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In Telegraph Avenue, Michael Chabon tackles heavy subjects to the tune of heady music.

It’s been said that music connoisseurs would listen to Ray Charles sing the phone book. Likewise, literary fans would read Michael Chabon’s prose even if he were only rewriting the phone book, so beloved is his work. In his latest, Telegraph Avenue: A Novel (Harper, $28), Chabon — who won the Pulitzer Prize for 2000’s The Amazing Adventures of Kavalier & Clay — tells the story of Bay Area best friends who sell secondhand vinyl in a world that’s quickly going corporate and digital. Of course, it’s also about marital friction, generational conflict and fatherhood. Chabon chatted with American Way about the influence of music on his writing and more.

American Way: Telegraph Avenue, both in prose and plot, is a very musical novel. Tell me about using music while you’re writing.
Michael Chabon: I had a creative-writing teacher at UC Irvine, Oakley Hall, and he listened to records while he wrote, which always seemed so strange to me. By the time I was writing Kavalier & Clay, MP3s had made it so that music was available everywhere. I was researching the novel’s era and steeped myself in big-band and swing music. I listened to everything and while I wrote, I found that the right music makes sentences happen.

AW: What were you listening to for Telegraph Avenue?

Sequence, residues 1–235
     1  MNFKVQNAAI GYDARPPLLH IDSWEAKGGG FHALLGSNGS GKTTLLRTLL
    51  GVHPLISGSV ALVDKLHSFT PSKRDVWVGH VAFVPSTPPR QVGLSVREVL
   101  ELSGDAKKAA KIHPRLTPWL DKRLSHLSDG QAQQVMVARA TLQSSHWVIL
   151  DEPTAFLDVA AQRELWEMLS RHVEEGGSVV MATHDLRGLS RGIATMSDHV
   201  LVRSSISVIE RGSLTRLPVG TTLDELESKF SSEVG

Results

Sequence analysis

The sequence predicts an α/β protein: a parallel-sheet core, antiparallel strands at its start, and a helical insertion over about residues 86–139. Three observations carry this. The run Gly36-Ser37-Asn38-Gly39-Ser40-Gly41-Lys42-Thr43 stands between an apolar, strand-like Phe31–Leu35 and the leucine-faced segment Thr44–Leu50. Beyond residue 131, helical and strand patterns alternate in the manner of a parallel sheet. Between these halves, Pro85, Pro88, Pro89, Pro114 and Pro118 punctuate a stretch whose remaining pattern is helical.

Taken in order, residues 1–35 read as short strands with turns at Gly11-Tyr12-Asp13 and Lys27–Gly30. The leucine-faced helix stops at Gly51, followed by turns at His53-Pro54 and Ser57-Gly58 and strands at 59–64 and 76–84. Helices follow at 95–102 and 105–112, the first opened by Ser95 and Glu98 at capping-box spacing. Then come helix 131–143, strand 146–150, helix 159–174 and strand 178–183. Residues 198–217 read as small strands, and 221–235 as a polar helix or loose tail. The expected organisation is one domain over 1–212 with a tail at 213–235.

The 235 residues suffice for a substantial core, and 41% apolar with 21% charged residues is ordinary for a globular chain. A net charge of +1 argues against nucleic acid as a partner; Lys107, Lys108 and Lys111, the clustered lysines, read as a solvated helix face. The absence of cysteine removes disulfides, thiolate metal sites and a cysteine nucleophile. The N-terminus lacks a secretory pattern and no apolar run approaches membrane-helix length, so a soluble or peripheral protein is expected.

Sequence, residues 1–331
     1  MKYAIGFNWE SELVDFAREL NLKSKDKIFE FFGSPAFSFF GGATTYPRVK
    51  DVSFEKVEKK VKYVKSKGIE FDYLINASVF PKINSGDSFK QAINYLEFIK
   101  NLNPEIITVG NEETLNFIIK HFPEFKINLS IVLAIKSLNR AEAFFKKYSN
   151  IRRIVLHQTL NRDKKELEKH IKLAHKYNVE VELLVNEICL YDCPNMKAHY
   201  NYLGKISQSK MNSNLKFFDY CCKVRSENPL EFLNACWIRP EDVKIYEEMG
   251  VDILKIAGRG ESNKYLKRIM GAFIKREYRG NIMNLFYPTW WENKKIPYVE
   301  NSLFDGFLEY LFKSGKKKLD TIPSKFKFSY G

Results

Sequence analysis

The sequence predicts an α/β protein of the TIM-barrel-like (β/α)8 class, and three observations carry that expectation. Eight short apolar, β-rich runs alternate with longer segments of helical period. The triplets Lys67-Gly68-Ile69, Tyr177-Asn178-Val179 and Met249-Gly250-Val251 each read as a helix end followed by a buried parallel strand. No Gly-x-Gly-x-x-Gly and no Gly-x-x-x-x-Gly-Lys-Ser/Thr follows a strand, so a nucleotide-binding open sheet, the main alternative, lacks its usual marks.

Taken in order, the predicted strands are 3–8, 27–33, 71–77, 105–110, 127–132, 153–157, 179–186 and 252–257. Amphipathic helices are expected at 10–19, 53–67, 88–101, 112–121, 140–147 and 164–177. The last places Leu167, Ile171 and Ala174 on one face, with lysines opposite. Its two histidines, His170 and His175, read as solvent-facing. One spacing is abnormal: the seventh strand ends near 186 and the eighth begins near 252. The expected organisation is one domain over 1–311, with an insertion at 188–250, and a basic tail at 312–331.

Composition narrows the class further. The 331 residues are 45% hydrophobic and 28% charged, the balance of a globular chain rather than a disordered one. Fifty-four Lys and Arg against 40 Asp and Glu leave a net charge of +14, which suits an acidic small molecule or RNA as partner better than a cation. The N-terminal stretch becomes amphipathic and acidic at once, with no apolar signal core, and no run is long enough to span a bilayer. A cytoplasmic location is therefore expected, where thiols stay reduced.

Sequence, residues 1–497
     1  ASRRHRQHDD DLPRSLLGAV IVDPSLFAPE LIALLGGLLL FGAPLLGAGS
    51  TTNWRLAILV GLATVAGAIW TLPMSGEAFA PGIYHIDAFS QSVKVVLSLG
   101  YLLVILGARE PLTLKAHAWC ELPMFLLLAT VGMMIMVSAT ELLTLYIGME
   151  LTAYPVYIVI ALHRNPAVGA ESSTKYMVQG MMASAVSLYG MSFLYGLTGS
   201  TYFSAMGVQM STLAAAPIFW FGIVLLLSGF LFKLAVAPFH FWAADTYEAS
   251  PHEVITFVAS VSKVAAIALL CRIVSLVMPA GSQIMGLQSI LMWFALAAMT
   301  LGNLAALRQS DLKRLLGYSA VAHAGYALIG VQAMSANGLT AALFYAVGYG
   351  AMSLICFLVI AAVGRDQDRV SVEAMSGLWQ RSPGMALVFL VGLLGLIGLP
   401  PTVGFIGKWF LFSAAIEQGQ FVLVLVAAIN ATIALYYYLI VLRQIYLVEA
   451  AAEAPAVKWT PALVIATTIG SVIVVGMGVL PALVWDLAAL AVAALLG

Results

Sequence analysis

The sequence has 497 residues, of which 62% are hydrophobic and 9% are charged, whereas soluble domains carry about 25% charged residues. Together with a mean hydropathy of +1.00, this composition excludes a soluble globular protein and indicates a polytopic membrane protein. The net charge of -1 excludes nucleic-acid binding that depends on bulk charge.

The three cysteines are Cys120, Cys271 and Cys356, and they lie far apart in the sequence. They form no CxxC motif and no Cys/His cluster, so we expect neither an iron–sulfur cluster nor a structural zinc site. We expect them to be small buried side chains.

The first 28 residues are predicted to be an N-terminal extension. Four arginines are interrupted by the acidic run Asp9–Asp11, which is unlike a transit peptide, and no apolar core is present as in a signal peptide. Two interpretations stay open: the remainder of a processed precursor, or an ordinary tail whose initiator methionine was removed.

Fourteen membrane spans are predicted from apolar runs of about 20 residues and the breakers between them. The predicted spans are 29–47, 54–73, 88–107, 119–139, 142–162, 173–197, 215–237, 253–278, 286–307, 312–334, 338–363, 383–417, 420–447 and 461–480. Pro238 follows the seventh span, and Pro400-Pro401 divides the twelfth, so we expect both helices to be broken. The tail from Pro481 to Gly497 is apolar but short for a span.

MC: I had listened to jazz all my life — the classic guys: Louis Armstrong up through Miles Davis — and I knew it well. But this book forced me into making some really important musical discoveries: the stuff from the late ’60s to early ’70s, organ-based jazz, stuff on Blue Note and CTI Records.

AW: There are a few musicians, like Nick Cave and Joe Henry, who are also really great writers. Are you a great writer who wishes he were a musician too?
MC: Yeah, absolutely, I wish I could play. Anything. I’ve tried different instruments over the years, but I just don’t have the knack or the talent. I can’t even sing.

AW: In this book, you describe a neighborhood as “that space where common sorrow could be drowned in common passion.” Where is that place in your life?
MC: The thing that first comes to mind is my family, my house, my wife and kids. One of the totem lines of this novel for me comes from the rapper Rakim, who says, “It ain’t where you’re from/it’s where you’re at.” That isn’t always true, certainly, but it is true, hopefully, in the places you share your love and your passions — your family, a used-record store, whatever community or neighborhood you find for yourself.